resourcesABOUT MT AUTHOR GUIDELINES CLASSIFIEDS EDITORIAL CALENDAR MEDIA GUIDE MASSAGE MART SCHOOLS & EDUCATION FEEDBACK
The Pertinent Negative
We all have to perform evaluations on patients. Most of us don't like doing it – exams take time, and worse it takes even more time after the evaluation to put together a narrative summary of the findings. Sometimes, this process becomes downright tedious.
Acupuncture's Impact on the World
For several years, I have been hearing about the town of Rothenburg, Germany. It seemed just a dot on a map until I arrived. It is the home of the TCM Kongress which began in 1968. It has been held annually for 47 years and it has only missed one year.
Tai Chi Documentary Premier
First Run Features recently announced the world theatrical premiere of Barry Strugatz's documentary The Professor: Tai Chi's Journey West, which premiered last month at the Laemmle Music Hall in Los Angeles.
Sit or Stand? Analyzing a Mixed Message
I'm more than a bit confused. At my age, that seems to be a rather common occurrence. However, today more than ever, I'm getting a mixed message.
What You Say Isn't Always What Patients Hear
A few years ago, my aunt Edna (name changed for the purpose of this story) suffered a stroke. After a short hospital stay, she was transferred to a nursing home for rehabilitation. When she arrived at the nursing home, Edna requested a private room.
Adventures with the San Jiao
Those of us who have been in practice for several decades relish the way meridians and points reveal new diagnostic clues and new insights. I love to encourage my students to see this as an adventure that goes way beyond the textbooks.
Multivitamin Supplement May Reduce Breast Cancer Recurrence
There is a great deal of controversy regarding the value of multiple vitamin supplements in cancer prevention.
Three Tips to Help You Analyze the Acupuncture Case Studies of the NCCAOM Exam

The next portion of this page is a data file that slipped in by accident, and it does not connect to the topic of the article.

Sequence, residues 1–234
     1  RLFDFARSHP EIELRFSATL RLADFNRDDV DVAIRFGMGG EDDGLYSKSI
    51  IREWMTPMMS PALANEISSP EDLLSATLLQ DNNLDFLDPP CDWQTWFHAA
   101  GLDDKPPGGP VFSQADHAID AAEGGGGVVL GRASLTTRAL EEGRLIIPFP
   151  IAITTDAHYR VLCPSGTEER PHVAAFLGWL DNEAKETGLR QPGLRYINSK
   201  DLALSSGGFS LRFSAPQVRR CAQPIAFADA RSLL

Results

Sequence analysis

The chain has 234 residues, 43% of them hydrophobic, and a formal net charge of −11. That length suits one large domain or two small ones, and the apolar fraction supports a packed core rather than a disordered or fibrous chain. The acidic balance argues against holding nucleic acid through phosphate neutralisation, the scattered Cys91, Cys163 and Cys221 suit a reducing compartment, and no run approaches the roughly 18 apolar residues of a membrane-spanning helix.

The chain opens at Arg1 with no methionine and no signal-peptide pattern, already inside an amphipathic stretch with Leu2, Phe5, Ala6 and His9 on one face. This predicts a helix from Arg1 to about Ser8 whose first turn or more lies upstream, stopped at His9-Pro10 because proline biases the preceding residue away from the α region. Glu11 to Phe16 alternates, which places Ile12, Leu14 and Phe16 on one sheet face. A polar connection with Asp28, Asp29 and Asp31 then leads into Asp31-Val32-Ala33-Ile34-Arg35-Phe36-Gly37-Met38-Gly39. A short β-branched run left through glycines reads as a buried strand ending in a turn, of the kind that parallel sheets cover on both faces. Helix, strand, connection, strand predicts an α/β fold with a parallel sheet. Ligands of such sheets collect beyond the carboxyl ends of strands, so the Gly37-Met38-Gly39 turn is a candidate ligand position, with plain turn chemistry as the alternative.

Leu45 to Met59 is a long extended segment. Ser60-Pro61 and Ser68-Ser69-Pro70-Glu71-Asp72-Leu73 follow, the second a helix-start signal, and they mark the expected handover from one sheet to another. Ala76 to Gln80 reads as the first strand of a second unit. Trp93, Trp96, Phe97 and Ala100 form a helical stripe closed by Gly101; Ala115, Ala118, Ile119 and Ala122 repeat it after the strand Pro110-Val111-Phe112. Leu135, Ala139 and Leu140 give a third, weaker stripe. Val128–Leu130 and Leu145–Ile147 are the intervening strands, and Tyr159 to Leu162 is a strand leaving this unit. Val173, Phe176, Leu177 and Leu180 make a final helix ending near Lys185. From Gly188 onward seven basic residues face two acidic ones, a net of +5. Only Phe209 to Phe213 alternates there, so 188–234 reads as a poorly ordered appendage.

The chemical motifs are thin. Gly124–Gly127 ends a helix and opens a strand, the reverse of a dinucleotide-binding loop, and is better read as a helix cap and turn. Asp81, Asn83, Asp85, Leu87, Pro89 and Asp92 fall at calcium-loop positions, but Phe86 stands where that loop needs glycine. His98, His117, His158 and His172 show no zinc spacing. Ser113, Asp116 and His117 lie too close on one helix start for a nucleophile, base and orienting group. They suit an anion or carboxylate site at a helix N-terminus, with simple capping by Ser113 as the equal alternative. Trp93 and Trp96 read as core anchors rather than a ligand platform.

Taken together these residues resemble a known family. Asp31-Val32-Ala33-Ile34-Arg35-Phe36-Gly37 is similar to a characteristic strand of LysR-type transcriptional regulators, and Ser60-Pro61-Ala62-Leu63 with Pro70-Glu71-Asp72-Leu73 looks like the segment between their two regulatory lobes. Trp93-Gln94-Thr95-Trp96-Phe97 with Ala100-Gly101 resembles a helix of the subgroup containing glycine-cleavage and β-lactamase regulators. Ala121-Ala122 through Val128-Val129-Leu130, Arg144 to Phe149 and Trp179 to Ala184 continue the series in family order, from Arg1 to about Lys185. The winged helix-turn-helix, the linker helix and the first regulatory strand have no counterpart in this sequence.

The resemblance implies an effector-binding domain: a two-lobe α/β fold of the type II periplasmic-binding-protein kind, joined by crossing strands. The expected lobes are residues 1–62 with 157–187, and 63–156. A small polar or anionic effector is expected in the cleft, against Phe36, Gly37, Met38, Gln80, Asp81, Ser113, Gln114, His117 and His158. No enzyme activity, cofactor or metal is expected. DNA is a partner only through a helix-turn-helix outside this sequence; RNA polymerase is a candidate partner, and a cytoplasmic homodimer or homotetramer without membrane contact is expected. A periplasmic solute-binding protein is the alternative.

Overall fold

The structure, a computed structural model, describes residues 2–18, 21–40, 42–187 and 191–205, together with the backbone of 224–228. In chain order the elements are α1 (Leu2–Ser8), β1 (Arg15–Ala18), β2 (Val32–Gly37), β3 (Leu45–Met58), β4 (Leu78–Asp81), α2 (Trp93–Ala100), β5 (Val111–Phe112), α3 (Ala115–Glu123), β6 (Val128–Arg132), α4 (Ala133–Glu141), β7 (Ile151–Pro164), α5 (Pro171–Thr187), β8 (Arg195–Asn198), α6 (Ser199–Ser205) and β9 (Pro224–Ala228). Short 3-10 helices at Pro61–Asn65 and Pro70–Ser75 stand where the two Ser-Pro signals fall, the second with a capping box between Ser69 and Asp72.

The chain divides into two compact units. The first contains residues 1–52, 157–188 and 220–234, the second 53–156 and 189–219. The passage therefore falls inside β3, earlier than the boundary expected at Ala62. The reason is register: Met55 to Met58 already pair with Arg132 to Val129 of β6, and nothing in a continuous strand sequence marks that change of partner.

Confirm the answer quickly by the elimination method. Case study:
After two treatments for back pain, a patient presents for a third
session complaining of rapid breathing and wheezing that is made worse
during cold weather.
What's New in Phytonutrition: Mangifera Indica, "The King of Fruits"
One hundred percent pure Indian green mango fruit (mangifera indica), harvested at a special degree of ripeness for efficacy and taste, can now be concentrated as a phytonutrient nutraceutical powder.
Chronic Pain: Become Part of the Solution
I have lectured to more than 7,000 chiropractic physicians over the past five years regarding the chronic pain and opioid epidemic in this country.
Introducing the Acupuncture Today Digital Edition
In response to the changing habits of our readers, Acupuncture Today will introduce a digital edition of the publication (in addition to our print edition) beginning with the August 2016 issue.
An Emerging Partnership Model
Maryland University of Integrative Health (MUIH) has educated integrative health and wellness practitioners for the last 40 years, originally as an acupuncture clinic and school. The institution's transformative, relationship-centered programs integrate traditional wisdom with contemporary science